Monday, February 18, 2019

Cessna 208 Caravan 675, Seair Seaplanes, C-GURL: Fatal accident occurred July 26, 2019 in Addenbroke Island, British Columbia

Pilot Al McBain

NTSB Identification: ANC19WA043
14 CFR Non-U.S., Commercial Seair Seaplanes Ltd
Accident occurred Friday, July 26, 2019 in Bella Bella, Canada
Aircraft: Cessna 208, registration:
Injuries: 4 Fatal, 5 Serious.

The foreign authority was the source of this information.

On July 26, 2019, about 1100 pacific daylight time, a Canadian registered Cessna 208 airplane, C-GURL, owned and operated by Seair Seaplanes Ltd., was destroyed when it collided with terrain in the vicinity of Addenbroke Island, British Columbia (BC), Canada, under unknown circumstances. The airplane departed Vancouver International Water Airport (CAM9), Vancouver, BC, and was destined for a remote lodge about 29 nautical miles (nm) southeast of Campbell Island Airport (CBBC), Bella Bella, BC. The pilot and 3 passengers received fatal injuries, and the remaining 5 passengers received serious injuries.

The accident investigation is under the jurisdiction and control of the Canadian Transportation Safety Board. This report is for informational purposes only and contains only information released by or obtained from the Canadian government. Further information pertaining to this accident may be obtained from: 

Transportation Safety Board of Canada
200 Promenade du Portage
Place du Centre, 4th Floor
Hull, Quebec K1A 1K8
Tel.: (1) 819-994-4252
(1) 819-997-7887 (24 hour)
Fax: (1) 819-953-9586

Pilot Al McBain died July 26, 2019 when the Cessna 208 Caravan 675 he was flying crashed crashed on Addenbroke Island. Three of the plane's eight passengers also died. 

A float plane that crashed on Addenbroke Island on Friday was bound for a popular fishing lodge in Hakai Pass.

When contacted Sunday, a woman who answered the phone for Ole’s Hakai Pass Fishing Lodge said “no comment” when asked if the plane was carrying its guests bound for the remote but popular lodge.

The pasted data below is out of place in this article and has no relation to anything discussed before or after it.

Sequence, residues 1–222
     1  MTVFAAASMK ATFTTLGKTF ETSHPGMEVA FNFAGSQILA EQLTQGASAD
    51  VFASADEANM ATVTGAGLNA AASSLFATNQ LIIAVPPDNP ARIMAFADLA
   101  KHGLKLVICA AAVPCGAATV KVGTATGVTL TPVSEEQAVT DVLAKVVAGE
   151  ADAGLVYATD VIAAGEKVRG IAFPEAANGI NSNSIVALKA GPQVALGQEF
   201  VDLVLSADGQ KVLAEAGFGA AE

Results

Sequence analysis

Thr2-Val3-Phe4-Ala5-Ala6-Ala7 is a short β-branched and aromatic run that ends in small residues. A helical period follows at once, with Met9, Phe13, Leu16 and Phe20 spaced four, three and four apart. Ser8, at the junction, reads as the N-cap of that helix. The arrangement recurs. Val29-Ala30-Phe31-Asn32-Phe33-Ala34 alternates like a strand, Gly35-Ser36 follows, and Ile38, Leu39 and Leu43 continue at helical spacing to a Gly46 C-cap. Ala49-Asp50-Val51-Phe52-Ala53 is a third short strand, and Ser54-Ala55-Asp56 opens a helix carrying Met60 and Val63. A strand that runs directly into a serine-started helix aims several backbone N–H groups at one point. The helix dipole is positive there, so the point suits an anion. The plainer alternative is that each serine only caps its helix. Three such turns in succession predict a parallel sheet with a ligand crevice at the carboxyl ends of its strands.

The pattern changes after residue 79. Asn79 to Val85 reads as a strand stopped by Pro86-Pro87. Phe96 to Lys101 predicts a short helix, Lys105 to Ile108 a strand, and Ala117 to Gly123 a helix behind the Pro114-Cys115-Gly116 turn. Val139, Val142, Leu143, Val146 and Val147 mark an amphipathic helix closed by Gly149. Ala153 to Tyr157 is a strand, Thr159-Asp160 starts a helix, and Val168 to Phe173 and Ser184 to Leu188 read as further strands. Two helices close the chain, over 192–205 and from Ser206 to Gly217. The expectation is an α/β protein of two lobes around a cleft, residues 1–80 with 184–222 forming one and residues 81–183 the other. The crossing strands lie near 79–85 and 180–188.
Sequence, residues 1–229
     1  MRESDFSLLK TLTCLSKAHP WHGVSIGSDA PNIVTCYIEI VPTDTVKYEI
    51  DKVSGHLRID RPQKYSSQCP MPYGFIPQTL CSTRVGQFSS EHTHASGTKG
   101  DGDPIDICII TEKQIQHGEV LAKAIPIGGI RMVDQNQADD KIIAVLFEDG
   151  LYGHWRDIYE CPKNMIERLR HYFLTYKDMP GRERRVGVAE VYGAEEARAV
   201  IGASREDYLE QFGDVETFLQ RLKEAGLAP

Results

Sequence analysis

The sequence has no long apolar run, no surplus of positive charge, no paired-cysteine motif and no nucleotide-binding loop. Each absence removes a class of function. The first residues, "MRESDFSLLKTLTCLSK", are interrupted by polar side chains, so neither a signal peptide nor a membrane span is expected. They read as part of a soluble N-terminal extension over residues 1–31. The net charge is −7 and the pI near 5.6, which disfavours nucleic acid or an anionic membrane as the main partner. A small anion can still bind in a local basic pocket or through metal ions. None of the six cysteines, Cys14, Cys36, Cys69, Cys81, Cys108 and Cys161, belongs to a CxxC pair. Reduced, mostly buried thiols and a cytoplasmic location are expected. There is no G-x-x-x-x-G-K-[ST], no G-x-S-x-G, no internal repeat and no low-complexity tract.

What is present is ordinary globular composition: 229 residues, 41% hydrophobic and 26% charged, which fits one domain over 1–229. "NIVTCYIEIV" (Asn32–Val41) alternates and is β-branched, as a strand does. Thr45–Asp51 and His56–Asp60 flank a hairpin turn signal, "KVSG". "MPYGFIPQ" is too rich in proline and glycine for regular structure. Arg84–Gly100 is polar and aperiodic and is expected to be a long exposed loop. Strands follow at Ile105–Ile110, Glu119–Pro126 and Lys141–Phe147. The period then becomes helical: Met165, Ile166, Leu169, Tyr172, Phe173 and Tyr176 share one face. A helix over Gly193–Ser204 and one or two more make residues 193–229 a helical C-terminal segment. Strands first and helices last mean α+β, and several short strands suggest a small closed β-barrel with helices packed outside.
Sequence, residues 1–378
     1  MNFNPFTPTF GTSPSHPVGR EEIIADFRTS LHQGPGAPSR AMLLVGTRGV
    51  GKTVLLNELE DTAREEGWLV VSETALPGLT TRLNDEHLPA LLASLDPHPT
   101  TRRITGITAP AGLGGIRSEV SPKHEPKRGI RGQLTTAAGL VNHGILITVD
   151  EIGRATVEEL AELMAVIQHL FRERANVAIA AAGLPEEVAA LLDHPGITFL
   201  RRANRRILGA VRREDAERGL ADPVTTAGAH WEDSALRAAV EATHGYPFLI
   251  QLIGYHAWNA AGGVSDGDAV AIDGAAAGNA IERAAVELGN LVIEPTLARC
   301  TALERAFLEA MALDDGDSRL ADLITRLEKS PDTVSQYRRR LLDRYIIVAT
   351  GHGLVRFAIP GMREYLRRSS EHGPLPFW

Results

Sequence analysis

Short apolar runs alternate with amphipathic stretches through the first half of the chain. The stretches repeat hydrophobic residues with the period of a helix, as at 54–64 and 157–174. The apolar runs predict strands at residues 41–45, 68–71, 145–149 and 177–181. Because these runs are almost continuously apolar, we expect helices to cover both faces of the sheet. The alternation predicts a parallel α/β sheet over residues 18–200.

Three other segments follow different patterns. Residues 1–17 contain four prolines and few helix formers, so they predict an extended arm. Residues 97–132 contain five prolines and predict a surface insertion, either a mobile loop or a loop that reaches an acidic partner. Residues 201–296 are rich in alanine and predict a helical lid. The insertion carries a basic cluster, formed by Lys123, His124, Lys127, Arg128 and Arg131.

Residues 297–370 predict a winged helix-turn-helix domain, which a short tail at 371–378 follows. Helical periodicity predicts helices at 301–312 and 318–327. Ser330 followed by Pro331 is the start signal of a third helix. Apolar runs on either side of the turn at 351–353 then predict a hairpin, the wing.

A statement provided via email Monday confirmed the plane’s destination.

“Ole’s can confirm that the float plane that crashed on Addenbroke Island was destined for Ole’s Fishing Lodge,” the statement read. “Our thoughts and prayers are with our guests and their families.

“We have no details to provide at this time to allow our guests and their families time to process this tragedy.”

The Cessna 208 Caravan left Vancouver and was bound for Ole’s on Friday before crashing around 11 a.m. while carrying one pilot and eight passengers.

To date, four people have been confirmed dead. Two were airlifted to Vancouver in critical condition, while three others were in serious but stable condition and remain at local hospitals.

On Sunday, Al McBain, the pilot of the float plane, was identified as having died in the crash.

Nathalie Chambers, a councillor with the District of Saanich on Vancouver Island, says her older brother was a lifelong adventurer who loved nature, could fix any engine and had flying in his blood.

She says their late father, Maj. John Harold McBain, had been a pilot for the Comox 442 Rescue Squadron that was dispatched after the crash to investigate and rescue the five others who were injured.

Through tears, Chambers says it was strangely fitting that the rescue squadron her father was once part of was sent to find her brother.

Chambers says she doesn’t know why the crash occurred but has learned the weather in the area was extremely poor. Weather records show it was raining at the time the plane crashed.

Ole’s Hakai Pass Fishing Lodge is near Calvert Island; the company’s website advertises fishing for trophy salmon and halibut in fishing packages that begin with a two-hour float plane ride from Vancouver to its picturesque location.